Ryan claims a deep personal distaste for creative writing as an academic specialty, although she has taught the occasional summer workshop at the West Chester Formal and Narrative Poetry Conference. In her essay commissioned for Poetry, “I Go to AWP,” she writes:
Wanting to be connected, wanting to be great in some great tradition, these are sweet ideas. But how can I reconcile them with my own preference for isolation from the other toilers? I explain it to myself this way: I don’t want to be connected to poetry in an easy, fellowshipping way, but I do want to be connected in a way that will earn me the respect of the dead (xx).(check cite!)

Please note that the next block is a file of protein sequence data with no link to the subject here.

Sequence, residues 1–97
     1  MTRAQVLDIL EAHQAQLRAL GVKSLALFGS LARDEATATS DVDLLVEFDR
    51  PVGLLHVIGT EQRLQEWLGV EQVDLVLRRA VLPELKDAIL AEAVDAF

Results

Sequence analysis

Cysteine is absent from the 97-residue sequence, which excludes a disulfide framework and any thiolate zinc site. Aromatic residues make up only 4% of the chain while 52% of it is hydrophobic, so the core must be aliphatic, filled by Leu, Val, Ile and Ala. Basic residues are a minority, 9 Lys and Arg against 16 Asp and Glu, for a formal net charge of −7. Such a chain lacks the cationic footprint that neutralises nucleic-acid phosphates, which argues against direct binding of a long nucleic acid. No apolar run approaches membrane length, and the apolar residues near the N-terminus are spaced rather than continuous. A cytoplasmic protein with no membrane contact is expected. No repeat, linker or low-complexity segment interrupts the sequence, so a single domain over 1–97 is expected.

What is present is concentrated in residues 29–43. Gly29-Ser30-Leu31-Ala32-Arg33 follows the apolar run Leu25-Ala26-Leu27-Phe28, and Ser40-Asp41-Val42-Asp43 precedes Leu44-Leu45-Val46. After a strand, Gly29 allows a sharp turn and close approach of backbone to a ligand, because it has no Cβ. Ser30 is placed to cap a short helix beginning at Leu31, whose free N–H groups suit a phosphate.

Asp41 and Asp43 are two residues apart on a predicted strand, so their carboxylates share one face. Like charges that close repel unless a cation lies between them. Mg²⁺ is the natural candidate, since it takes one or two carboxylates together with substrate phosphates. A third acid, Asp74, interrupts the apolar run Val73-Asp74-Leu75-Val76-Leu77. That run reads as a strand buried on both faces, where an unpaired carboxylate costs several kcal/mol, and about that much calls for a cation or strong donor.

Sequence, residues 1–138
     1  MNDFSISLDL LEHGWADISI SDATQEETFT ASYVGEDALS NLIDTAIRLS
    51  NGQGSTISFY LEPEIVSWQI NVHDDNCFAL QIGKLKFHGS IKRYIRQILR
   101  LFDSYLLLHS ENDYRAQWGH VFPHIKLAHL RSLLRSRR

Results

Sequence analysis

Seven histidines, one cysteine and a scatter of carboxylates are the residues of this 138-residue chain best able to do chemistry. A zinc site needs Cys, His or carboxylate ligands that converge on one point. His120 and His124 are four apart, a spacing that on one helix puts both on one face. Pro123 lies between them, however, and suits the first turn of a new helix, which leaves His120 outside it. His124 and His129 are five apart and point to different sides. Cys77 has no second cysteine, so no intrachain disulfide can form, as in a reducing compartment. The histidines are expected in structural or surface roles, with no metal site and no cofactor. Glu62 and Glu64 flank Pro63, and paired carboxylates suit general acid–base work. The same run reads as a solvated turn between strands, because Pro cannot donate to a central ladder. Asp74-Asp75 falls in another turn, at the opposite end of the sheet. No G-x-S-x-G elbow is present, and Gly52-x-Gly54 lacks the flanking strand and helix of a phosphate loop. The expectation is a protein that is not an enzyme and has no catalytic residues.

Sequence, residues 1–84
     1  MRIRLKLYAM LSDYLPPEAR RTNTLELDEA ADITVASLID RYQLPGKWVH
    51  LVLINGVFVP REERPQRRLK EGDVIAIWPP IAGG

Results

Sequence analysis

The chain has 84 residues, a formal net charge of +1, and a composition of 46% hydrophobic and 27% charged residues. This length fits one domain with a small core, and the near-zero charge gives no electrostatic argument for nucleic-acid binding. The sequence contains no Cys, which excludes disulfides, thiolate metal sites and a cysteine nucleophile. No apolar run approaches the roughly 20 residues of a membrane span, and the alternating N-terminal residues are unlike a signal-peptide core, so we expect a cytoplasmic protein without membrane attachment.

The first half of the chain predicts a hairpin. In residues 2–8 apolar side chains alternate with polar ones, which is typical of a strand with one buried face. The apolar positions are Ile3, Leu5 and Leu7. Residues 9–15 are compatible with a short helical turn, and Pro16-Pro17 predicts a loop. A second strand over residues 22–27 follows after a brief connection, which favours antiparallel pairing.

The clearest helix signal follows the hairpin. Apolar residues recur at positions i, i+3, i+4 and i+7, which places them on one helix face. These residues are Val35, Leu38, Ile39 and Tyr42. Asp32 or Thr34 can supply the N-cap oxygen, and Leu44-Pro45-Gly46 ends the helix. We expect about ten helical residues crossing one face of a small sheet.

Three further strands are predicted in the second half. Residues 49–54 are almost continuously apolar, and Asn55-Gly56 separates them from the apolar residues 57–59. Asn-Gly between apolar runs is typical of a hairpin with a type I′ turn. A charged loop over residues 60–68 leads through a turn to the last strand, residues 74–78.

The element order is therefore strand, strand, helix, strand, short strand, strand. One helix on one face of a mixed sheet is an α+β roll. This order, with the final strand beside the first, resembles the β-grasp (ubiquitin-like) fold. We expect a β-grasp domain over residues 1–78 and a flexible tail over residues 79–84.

One of the great advantages of eschewing “po-biz” gatherings and aesthetic fads is that it leaves the poet time and psychic space to converse with the masters. Poetry that exists on the page, whether
it is specifically written “for” the page or transcribed from the shadowy realm of oral transmission, has the great advantage of transcending future time and place, of being serving as its own example (of what?), and of providing its own lessons. Ryan sets a high bar for her own work by hoping to “earn [herself] the respect of the dead.” When one places one’s own work in the context of the great masters’, an act at once both stunningly arrogant and phenomenally humble, one does not need to waste time building MySpace pages, self-publishing CDs, and clawing one’s way onto various literary boards. In an age when poets spend more time marketing themselves than writing and revising poems, Ryan’s example is worth following.